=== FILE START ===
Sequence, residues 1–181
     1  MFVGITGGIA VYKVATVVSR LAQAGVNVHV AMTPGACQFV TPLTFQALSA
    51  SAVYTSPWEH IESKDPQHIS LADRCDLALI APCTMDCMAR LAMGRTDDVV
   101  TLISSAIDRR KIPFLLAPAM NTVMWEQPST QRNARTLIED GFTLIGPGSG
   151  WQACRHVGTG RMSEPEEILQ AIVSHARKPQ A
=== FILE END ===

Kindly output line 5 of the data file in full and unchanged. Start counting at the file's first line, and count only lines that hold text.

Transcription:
   151  WQACRHVGTG RMSEPEEILQ AIVSHARKPQ A